I figured teacher’s lounge is the best place to post this.
When teaching total beginners, especially children, despite all we’ve learned through CtC, should we still teach the idea of “alternate pick everything” despite all the string crossing challenges, and then apply the more in depth discussions of escape motions, pick slanting, etc. once a student has a basic control of their right hand, even if its messy and full of string hopping and inefficient motion? Or should “proper” escape and pick slanting mechanics be taught from day 1?
I’m posing this question because I need to present an argument to “higher ups” at the music school I teach at that are implementing a curriculum with method books that show some rather cumbersome pick directions for certain examples, especially early on in the beginner books. One of which is a two-way pick slant/crosspicking nightmare of a pentatonic scale “3s” lick that is usually done with pull offs (you know the lick I’m talking about… the one everyone and their mom learns to do). The initial idea in the book is the standard “kids need to learn to alternate pick everything” because… well because no one ever questioned that concept before CtC came along.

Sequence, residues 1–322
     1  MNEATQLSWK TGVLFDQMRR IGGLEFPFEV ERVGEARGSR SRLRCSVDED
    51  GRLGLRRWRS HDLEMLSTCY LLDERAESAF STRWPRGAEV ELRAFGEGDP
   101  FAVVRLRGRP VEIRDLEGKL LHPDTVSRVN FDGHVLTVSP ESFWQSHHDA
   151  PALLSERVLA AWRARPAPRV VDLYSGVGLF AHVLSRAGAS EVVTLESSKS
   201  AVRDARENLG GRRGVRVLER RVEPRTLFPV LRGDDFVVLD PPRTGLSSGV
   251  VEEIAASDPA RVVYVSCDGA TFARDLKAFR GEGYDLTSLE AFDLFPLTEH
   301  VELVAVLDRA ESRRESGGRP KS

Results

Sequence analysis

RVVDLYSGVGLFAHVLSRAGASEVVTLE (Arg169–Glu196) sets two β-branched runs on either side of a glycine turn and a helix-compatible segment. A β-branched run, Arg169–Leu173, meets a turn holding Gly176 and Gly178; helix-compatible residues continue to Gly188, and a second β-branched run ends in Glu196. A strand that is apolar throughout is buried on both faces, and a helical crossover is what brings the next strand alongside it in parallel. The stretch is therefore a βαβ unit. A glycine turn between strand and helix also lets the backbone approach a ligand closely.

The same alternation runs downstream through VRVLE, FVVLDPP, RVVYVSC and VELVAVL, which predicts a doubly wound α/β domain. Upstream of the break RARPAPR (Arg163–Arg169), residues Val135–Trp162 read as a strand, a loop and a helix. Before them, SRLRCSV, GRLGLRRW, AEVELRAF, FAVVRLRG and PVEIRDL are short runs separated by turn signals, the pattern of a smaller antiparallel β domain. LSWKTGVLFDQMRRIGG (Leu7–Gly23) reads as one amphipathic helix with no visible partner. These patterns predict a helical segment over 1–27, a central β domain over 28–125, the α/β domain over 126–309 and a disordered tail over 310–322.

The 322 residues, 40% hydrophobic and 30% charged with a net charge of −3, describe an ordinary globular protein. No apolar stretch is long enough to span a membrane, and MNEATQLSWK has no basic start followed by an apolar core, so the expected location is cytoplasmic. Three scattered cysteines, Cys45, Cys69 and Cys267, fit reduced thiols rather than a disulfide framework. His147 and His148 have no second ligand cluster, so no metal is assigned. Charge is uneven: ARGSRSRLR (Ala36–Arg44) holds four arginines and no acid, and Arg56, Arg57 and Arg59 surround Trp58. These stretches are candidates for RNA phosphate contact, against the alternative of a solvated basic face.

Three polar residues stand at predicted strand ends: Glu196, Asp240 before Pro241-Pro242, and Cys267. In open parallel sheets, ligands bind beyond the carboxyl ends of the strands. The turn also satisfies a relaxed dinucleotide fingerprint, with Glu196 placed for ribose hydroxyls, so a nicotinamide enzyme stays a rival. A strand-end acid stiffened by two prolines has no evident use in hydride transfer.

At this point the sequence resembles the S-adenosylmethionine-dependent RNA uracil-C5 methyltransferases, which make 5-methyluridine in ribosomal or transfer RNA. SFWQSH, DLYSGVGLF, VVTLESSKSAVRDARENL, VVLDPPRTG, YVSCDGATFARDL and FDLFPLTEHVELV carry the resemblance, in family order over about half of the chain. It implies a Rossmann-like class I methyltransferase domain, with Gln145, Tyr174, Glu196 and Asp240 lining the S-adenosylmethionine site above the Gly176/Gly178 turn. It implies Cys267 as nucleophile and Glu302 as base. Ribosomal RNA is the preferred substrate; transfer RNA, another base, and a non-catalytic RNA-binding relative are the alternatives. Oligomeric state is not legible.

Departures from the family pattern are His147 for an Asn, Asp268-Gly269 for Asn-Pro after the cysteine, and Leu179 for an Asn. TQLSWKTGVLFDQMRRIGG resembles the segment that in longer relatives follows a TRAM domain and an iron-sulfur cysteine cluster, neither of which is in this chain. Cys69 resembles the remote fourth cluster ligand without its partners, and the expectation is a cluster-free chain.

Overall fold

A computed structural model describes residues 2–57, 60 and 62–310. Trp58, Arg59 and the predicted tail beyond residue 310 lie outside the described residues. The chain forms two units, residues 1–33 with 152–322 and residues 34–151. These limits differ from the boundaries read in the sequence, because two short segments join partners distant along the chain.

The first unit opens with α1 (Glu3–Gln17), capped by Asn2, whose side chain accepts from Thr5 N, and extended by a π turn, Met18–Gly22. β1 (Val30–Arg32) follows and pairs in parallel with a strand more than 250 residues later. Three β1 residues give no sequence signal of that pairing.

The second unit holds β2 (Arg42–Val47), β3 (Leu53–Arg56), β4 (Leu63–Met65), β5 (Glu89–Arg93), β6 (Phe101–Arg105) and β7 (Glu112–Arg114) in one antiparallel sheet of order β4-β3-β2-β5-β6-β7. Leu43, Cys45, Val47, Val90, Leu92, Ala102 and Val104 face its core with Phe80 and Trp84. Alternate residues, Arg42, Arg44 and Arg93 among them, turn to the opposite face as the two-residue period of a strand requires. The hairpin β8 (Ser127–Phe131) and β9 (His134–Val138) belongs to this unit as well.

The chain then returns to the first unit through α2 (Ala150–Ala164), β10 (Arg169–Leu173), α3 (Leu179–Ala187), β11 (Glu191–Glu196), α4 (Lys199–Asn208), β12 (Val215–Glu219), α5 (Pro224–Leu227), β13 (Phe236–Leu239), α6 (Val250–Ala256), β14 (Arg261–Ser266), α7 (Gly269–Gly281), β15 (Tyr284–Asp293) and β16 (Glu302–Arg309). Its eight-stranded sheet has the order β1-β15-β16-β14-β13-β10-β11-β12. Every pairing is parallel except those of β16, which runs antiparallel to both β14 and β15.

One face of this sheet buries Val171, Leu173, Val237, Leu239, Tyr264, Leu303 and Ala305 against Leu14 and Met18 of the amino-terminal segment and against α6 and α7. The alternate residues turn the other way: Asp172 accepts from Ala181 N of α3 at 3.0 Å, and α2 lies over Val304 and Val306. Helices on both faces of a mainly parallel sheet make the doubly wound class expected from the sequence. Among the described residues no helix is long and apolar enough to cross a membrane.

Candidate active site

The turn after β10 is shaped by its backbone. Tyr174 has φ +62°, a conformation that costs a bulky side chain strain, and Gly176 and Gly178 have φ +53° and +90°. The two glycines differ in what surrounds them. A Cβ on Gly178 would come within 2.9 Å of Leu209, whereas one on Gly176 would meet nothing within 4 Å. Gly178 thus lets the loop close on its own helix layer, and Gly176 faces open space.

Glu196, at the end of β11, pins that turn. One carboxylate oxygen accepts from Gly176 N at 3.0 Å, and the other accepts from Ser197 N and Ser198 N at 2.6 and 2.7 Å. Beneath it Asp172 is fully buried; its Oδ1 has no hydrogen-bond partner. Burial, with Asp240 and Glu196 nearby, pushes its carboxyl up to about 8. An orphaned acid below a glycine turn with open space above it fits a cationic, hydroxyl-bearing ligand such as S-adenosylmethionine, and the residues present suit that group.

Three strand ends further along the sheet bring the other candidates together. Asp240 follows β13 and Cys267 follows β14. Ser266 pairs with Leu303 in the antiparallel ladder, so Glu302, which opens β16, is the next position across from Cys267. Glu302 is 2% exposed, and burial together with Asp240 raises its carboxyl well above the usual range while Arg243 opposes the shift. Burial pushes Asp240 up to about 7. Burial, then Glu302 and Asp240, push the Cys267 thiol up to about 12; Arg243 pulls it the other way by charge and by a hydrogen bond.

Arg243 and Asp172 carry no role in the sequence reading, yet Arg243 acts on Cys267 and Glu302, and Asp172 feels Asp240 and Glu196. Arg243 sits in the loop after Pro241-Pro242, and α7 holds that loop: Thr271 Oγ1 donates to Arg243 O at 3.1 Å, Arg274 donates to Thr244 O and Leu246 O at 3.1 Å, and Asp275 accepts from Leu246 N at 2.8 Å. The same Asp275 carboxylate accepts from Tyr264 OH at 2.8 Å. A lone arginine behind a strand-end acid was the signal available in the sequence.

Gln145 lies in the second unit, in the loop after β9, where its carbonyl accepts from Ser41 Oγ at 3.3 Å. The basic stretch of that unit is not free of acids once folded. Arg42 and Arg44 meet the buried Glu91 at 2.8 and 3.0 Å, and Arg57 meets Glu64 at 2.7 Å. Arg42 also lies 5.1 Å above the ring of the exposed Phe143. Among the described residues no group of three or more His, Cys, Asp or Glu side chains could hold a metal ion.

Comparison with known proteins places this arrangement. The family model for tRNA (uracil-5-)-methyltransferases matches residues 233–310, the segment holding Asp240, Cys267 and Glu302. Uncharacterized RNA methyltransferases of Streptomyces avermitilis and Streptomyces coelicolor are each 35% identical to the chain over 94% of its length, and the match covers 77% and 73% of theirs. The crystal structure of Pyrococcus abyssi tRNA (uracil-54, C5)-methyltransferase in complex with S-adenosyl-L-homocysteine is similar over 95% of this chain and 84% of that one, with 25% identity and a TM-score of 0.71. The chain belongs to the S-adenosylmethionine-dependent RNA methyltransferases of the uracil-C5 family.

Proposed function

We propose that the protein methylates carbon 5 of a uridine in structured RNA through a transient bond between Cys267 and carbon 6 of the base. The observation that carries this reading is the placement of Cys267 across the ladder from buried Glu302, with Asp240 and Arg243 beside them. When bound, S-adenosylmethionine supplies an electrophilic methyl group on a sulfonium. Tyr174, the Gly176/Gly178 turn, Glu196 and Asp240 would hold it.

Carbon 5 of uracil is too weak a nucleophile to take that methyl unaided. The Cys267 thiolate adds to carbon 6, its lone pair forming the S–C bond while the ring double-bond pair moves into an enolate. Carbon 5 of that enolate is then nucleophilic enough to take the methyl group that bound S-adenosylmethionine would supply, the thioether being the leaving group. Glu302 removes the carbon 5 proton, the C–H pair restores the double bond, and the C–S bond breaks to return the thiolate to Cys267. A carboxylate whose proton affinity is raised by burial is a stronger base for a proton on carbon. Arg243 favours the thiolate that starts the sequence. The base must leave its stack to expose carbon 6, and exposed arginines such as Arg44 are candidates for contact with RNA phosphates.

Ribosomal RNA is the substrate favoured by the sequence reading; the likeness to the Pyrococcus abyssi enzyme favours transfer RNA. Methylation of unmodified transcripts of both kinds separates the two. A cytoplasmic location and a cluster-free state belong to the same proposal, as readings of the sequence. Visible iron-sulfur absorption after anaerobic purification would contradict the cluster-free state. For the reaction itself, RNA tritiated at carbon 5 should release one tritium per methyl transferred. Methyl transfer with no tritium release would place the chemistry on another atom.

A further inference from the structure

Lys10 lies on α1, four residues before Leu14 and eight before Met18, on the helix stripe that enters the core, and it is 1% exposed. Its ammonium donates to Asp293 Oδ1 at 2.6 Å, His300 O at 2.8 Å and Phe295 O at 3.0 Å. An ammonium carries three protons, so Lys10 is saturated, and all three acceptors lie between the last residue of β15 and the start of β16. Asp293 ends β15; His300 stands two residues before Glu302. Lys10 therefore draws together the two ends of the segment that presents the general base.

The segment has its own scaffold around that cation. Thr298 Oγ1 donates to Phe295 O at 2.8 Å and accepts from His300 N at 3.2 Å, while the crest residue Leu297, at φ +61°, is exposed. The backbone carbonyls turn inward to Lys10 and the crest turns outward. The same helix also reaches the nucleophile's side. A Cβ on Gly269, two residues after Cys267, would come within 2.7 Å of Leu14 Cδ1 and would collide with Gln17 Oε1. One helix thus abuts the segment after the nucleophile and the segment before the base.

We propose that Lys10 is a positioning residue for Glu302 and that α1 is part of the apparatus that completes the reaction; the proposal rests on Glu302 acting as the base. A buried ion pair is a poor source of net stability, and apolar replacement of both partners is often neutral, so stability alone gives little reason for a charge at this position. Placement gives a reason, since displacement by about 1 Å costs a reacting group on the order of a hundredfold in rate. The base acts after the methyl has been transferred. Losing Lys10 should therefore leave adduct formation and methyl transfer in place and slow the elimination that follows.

For a very long time now I’ve been starting students off with one way, DWPS, since I personally feel its the easiest to learn with the least amount of variables, but I wonder if there is merit to the idea of getting a beginner to try to alternate pick through odd numbered, two-way escape patterns, even if their movement is inefficient, just to learn to get control of their right hand. I’m especially interested in what @Troy himself might think of this idea. Keep in mind, we have students as young as 8 and 9 years old that we have to teach this material to.